Moga Declaration and Return to Punjabiyat

It was in 1996 that Akali Dal announced his ideological transformation into a party of all Punjabis, regardless of religion or geography in his Moga Declaration. In his speech to Moga, party chairman Prakash Singh Badal said Akali Dal represented “Punjab, Punjabi and Punjabiyat”. Moga’s statement said, “The spirit of the Punjabiyat would be strengthened so that these issues are projected as problems common to the whole of Punjabis rather than a part of it.”

The party has now admitted large numbers of Hindus and in the 2012 parliamentary elections 10 of its 11 Hindu candidates won.


The origin of the SGPC’s close ties with the Akali Dal lies in the genesis of the latter. It was born as the political-institutional wing of the religious body. Additionally, Sikhs believe in the concept of Miri-Piri, or conjunction of spiritual and temporal power.

Akali Dal first consolidated its grip on the SGPC in the 1960 elections to the gurdwara body when its members won 136 of the 140 seats. Even today, the Akali Dal reigns over the SGPC.

The SGPC with its enormous material resources has given its support to all Akali unrest, be it Punjabi Suba Morcha or Dharam Yudh Morcha. In addition, there is an easy fluidity between the two organizations with members and GSTP leaders joining Akali Dal. Akali leader Master Tara Singh, for example, led the SGPC in 1931. Likewise, Bibi Jagir Kaur, the first female head of the SGPC, was an Akali lawmaker,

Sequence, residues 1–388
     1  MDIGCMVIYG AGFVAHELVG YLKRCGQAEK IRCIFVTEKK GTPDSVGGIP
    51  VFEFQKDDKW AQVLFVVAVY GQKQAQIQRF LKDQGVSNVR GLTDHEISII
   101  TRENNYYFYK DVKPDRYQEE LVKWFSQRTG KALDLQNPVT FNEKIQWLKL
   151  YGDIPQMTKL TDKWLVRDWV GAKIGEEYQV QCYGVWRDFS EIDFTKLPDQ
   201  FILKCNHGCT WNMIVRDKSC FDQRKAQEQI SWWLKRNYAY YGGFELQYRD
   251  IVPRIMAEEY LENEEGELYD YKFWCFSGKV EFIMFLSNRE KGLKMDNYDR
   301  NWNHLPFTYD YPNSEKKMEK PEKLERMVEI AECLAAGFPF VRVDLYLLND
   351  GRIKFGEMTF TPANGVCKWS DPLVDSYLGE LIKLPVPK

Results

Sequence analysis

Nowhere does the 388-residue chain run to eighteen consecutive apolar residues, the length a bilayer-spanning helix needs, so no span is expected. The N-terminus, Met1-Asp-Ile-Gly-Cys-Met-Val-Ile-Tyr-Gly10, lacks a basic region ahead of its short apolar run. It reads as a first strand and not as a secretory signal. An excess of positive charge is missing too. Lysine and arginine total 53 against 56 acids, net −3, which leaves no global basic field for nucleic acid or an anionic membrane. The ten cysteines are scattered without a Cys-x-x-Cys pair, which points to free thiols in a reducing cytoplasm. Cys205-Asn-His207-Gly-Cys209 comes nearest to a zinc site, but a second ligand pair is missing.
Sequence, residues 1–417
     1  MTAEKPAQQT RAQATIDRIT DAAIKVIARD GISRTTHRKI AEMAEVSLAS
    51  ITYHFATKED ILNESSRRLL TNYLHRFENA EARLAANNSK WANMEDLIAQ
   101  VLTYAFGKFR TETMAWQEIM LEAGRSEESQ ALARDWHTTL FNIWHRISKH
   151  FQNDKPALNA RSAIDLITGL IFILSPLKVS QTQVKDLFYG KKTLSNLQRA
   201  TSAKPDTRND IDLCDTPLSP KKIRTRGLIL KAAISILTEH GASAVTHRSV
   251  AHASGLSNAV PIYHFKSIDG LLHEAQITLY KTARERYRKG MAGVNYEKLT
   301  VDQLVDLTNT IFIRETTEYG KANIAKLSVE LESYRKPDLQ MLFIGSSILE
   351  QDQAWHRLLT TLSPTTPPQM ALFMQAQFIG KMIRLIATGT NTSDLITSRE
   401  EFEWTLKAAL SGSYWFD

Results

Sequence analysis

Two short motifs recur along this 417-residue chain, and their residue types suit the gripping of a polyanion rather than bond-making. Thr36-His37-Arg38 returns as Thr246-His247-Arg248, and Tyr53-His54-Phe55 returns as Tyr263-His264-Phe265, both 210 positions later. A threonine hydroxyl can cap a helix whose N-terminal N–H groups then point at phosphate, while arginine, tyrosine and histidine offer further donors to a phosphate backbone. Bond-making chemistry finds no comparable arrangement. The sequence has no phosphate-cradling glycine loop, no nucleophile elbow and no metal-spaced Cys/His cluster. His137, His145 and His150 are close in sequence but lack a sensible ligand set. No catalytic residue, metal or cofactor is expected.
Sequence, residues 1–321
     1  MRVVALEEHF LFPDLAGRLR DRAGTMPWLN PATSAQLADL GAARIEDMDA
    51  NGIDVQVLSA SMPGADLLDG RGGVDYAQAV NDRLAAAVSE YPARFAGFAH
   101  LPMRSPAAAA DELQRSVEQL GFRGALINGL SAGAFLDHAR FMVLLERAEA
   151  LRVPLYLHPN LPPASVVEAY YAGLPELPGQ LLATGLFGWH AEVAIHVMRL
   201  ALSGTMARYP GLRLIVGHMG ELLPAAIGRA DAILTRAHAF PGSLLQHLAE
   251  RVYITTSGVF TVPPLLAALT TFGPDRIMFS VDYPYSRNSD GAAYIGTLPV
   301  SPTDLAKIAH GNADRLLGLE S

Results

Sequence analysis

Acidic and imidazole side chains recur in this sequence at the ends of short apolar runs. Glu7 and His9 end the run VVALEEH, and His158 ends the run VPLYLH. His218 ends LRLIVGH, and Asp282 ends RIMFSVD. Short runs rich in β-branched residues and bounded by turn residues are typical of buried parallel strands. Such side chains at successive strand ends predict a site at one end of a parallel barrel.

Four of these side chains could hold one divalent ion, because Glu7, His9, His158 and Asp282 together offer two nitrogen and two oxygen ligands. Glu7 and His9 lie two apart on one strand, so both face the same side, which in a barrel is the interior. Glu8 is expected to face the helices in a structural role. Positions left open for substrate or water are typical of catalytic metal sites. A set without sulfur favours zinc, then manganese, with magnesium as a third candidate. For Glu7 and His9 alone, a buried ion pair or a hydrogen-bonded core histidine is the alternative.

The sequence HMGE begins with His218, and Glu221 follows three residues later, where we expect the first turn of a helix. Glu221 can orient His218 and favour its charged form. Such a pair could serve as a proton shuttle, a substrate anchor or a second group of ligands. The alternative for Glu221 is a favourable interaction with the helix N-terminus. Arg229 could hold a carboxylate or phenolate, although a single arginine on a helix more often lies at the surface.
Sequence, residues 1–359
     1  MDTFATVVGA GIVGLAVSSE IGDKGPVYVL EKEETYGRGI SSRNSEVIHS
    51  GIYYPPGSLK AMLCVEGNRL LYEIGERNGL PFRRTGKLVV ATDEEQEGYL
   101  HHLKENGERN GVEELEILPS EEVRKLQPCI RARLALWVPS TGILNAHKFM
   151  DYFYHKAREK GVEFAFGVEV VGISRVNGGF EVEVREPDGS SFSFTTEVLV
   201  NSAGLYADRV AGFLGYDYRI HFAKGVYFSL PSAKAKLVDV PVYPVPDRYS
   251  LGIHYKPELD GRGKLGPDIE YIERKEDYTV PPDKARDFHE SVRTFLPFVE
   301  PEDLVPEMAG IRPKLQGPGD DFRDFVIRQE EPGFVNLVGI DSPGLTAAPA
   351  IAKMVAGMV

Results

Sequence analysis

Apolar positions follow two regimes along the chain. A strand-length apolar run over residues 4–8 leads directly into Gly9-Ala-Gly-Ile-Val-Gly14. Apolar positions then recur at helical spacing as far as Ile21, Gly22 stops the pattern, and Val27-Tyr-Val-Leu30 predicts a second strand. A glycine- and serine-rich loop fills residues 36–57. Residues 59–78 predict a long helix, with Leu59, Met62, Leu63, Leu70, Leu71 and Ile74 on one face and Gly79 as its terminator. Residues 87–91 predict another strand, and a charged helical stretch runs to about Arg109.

Akalis and BJP

Despite its success in creating a Punjabi Suba in 1966, the SAD did not win the 1967 assembly and legislative elections. It was only after bonding with Bharatiya Jana Sangh (BJS), supported by the RSS and Arya Samaj, that he came to power in 1967 and 1969. Later, after the re-emergence of the state of activism, the Akalis have linked up with the VJP. Akali Dal was the first to support the BJP-led NDA at the Center in 1998. Since 1997, Akali Dal has fought every election in the state in alliance with the BJP, winning three assembly elections.

Their relationship deteriorated in 2020 when Akali Dal opposed the three contentious farm laws following a massive farmer uprising in Punjab. The party, which initially supported the laws, left the central government and severed ties with the BJP as soon as the laws were passed in September.

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Akali Dal today

Once known for its strong cadre and internal democracy, Akali Dal now faces the accusation of being a stronghold of the Badals. It was in 2004 that party boss Parkash Singh Badal appointed his son Sukhbir Badal as party chairman, becoming the first sitting chairman to do so. Although Sukhbir was widely credited with strengthening the party’s secular credentials, this was accompanied by poor governance coupled with a concentration of power in the hands of the family. Burdened by cases of sacrilege and rampant drug trafficking during its 10-year mandate, the party recorded its worst performance ever in the 2017 Assembly polls, winning just 15 of 117 seats.

With an eye on Dalit voices, the SAD has now linked up with the Bahujan Samaj party, which is running for 20 seats.

(With contributions from Navjeevan Gopal)